From: Brian Atkins (firstname.lastname@example.org)
Date: Mon Jan 16 2006 - 20:22:15 MST
Keith Henson wrote:
> At 11:05 AM 1/16/2006 -0600, you wrote:
>> Keith Henson wrote:
>>> Corporations already have legal rights, a company can own the
>>> hardware on which the AI is implemented. Corporations can own stock,
>>> so a corporate AI that owns a controlling block of stock in itself is
>>> a free agent with effectively the same rights as meat persons.
>> No, I don't think a computer hardware/software system can own shares
>> in a corporation. Neither can other objects like a vase or rock.
> You missed the point. A corporation can own stock in corporations
> including itself. The corporation can own anything including hardware.
Your original post: "a corporate AI ... owns a controlling block of stock in
That doesn't make any sense as far as I can see. Legally, an AI being considered
akin to a vase or rock, cannot own any shares in any corporation. The term
"corporate AI" as you're using it makes no sense legally.
Can an AI attempt to maintain control over the actions of a corporation via
various methods without actually itself owning the controlling stock? Perhaps,
but as I mentioned in my first message such an arrangement seems rather
pointless and overcomplicated. The AI in such a case is simply property of the
corporation, and relies on its control mechanisms over the humans who actually
perform the actions of the corporation.
>> Generally only humans, and other business entities can legally own
>> shares AFAIK.
>> Also, I don't think a hardware/software system could legally be
>> appointed into any corporate office, such as CEO. At best, you could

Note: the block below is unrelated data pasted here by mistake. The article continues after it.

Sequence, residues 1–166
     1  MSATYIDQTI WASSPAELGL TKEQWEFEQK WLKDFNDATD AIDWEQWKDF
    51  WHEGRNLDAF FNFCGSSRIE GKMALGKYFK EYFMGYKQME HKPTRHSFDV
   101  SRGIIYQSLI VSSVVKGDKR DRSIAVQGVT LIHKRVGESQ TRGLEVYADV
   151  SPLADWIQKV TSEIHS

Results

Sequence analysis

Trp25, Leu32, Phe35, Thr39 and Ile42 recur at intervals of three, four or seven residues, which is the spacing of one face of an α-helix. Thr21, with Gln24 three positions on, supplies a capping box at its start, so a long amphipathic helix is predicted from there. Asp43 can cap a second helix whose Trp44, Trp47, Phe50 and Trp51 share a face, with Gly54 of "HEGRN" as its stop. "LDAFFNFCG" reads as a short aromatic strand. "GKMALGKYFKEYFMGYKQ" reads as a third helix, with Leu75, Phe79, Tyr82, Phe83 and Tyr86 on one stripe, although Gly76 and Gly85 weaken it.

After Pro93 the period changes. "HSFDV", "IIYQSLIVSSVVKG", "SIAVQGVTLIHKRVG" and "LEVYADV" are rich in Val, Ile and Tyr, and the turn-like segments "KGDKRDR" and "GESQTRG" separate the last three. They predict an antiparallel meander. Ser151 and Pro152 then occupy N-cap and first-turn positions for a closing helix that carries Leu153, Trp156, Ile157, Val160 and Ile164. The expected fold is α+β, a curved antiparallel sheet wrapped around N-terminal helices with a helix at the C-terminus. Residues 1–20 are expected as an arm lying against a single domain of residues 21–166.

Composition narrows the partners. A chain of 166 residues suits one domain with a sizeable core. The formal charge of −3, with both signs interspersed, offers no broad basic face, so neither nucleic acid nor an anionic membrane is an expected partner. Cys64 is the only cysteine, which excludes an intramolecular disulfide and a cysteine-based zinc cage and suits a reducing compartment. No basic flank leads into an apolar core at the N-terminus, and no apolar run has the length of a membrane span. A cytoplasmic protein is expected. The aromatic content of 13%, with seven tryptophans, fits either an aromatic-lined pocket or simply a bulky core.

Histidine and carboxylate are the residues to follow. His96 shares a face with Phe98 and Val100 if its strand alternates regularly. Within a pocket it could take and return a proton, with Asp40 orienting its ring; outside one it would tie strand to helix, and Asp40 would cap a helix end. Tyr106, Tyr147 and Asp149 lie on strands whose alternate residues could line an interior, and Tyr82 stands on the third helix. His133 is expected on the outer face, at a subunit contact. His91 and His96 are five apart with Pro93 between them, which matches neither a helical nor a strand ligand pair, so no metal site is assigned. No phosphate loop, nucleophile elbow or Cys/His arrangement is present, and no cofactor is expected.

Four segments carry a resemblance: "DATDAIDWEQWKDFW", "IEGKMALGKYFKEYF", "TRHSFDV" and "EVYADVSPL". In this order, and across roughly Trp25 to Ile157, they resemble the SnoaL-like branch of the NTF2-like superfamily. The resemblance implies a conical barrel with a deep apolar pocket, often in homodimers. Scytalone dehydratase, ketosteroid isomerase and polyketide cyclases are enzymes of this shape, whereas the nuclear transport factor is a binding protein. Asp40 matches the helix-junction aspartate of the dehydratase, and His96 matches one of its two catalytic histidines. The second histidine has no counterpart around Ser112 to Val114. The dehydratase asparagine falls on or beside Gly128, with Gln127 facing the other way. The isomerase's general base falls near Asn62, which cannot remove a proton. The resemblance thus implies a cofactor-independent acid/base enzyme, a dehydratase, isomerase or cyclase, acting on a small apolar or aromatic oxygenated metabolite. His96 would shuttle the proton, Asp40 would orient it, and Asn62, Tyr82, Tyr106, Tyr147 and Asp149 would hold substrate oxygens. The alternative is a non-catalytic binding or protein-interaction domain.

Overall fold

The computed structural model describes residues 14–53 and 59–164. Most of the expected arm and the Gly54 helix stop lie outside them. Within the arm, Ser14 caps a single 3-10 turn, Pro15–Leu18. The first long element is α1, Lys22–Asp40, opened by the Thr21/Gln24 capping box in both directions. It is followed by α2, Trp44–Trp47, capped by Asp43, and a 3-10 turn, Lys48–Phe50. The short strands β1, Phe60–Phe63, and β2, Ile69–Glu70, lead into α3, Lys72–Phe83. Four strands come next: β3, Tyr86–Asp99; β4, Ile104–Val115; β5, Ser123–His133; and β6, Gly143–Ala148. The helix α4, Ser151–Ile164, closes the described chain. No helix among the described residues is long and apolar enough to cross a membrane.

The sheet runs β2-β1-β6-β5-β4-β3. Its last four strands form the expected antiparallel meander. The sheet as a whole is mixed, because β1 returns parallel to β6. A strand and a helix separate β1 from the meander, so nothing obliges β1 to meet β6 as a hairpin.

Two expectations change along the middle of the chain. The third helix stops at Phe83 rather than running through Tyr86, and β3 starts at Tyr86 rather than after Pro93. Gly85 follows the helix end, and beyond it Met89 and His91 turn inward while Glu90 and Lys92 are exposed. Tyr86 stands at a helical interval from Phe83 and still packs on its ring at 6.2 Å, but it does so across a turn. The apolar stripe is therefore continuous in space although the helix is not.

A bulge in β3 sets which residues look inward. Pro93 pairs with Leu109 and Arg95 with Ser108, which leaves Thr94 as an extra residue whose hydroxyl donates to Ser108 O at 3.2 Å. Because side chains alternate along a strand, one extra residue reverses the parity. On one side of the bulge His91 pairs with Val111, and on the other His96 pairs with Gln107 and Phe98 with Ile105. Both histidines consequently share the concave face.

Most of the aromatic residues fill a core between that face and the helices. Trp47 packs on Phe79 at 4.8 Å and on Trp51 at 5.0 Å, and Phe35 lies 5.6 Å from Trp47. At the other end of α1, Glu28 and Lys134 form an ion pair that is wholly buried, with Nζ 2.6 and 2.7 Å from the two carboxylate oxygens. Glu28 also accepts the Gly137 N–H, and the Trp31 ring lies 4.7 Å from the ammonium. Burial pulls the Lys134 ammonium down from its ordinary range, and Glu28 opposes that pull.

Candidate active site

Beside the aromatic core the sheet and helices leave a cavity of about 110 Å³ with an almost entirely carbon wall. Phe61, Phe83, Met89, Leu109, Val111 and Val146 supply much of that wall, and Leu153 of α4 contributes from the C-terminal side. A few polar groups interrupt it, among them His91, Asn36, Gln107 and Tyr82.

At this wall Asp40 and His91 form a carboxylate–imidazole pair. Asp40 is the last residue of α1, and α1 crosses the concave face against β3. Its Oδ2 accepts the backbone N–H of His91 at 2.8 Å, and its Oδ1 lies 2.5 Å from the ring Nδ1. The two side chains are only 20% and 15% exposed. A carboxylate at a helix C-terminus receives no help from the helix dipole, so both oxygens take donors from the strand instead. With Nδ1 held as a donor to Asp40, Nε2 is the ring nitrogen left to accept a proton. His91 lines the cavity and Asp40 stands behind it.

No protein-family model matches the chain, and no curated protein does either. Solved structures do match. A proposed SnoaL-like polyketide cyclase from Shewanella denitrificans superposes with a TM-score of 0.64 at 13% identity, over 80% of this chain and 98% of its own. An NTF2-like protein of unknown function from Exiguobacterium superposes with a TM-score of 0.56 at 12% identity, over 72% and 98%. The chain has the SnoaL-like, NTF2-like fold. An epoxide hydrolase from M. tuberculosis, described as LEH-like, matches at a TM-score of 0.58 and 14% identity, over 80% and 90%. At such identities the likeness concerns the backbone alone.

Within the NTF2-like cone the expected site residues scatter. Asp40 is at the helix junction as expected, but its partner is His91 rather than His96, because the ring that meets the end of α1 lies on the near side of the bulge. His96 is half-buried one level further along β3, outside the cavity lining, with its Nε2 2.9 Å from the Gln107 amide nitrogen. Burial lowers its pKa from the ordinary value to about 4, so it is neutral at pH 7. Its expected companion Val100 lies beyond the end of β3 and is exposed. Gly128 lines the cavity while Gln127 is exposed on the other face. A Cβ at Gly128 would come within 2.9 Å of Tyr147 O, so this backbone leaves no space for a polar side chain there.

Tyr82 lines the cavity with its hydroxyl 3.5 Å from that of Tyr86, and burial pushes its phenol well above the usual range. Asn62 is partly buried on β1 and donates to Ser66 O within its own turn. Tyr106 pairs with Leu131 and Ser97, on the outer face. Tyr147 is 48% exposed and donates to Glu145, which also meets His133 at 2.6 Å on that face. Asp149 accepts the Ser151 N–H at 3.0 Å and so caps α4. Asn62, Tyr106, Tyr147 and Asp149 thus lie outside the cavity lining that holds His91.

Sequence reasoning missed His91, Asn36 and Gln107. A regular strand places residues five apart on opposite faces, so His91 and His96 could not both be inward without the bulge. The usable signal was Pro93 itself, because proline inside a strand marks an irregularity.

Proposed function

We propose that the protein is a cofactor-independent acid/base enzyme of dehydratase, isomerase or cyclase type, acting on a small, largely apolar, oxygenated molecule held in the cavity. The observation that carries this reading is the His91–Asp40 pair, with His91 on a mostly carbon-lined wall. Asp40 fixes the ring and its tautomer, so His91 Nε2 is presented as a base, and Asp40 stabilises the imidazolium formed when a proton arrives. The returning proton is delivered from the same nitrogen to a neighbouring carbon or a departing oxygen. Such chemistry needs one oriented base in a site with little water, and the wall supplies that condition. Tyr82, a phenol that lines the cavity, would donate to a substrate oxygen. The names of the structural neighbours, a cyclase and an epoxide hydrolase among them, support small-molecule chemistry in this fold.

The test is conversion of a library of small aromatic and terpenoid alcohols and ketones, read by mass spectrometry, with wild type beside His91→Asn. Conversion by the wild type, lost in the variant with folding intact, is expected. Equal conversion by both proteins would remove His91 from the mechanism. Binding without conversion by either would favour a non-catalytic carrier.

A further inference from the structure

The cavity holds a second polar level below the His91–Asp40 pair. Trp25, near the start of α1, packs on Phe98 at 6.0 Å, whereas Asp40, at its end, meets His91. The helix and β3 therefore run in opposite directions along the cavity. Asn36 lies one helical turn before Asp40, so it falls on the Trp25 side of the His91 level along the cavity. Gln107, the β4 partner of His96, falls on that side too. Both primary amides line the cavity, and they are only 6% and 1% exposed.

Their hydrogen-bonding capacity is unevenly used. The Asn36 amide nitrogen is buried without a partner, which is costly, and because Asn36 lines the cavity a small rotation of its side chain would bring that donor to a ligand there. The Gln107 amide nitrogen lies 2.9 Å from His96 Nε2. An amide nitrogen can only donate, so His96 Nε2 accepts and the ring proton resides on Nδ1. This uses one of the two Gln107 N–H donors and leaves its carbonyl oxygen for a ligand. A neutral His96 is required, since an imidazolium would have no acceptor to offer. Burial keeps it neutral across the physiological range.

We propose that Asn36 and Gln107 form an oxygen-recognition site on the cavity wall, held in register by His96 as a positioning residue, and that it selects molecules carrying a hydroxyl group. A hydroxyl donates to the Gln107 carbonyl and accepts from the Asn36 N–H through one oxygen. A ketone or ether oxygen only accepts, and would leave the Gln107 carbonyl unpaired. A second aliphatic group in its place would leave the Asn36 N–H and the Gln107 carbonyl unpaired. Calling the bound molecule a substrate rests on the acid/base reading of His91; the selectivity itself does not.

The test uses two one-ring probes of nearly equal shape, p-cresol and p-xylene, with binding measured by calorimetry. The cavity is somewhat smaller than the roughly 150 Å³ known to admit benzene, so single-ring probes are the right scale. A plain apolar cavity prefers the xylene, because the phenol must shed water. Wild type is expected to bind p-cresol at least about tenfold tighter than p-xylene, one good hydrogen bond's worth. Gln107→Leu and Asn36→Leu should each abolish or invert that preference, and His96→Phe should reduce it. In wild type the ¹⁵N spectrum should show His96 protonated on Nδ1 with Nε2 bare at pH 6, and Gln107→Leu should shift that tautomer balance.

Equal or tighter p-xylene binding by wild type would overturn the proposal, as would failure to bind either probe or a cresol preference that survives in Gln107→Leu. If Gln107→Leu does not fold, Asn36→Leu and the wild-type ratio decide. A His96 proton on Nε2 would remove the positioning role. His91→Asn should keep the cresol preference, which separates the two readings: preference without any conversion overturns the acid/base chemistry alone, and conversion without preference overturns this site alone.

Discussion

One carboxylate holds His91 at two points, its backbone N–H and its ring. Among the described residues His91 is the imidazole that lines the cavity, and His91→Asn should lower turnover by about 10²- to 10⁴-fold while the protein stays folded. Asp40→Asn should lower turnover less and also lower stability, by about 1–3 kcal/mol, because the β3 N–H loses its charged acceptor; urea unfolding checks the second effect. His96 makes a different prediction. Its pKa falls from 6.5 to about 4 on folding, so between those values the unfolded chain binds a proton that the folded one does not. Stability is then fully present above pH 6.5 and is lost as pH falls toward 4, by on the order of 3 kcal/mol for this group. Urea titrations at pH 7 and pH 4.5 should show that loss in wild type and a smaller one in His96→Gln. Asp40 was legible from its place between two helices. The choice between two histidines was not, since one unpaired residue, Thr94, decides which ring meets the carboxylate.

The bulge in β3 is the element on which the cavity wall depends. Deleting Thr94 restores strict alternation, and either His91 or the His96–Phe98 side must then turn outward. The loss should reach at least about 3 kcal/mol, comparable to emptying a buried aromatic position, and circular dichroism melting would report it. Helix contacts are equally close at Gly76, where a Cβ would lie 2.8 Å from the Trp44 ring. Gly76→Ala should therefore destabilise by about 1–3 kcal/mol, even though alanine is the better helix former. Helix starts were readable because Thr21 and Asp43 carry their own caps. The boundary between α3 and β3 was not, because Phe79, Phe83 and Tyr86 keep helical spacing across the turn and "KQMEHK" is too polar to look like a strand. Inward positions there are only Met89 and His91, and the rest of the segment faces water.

>> appoint some humans into those positions whose employment contracts or
>> perhaps the corporate bylaws or something state that they will only
>> take actions suggested to them by the output of the hardware/software
>> system. But if you're forced to arrange things like this, then why
>> bother with all the corporate hassle when in the end you are just
>> property with no legal rights, and relying on a group of people to do
>> what you ask - might as well skip the corporation and just hook up
>> with a single human owner and be their personal property.
> The point of the post I was responding too was how to provide rights for
> AIs. This is a route, a "legal fiction" if you will that could be
> exploited to generate "legal persons" who would have rights within the
> scope of existing legal frameworks.
See above. The corporation that owns the AI property would have rights, but
exercising and/or defending those rights would be delegated to the human
officers in control of the corporation. The AI itself has no direct rights at all.
> If Eliezer is right about the speed with which a seed AI goes way beyond
> humans, the problem will be humans keeping any rights at all rather than
> figuring out how AIs of human level or above should be treated at law.
Of course, and I happen to agree. But I can't resist being pedantic on this
little thread for some reason.
-- Brian Atkins Singularity Institute for Artificial Intelligence http://www.intelligence.org/
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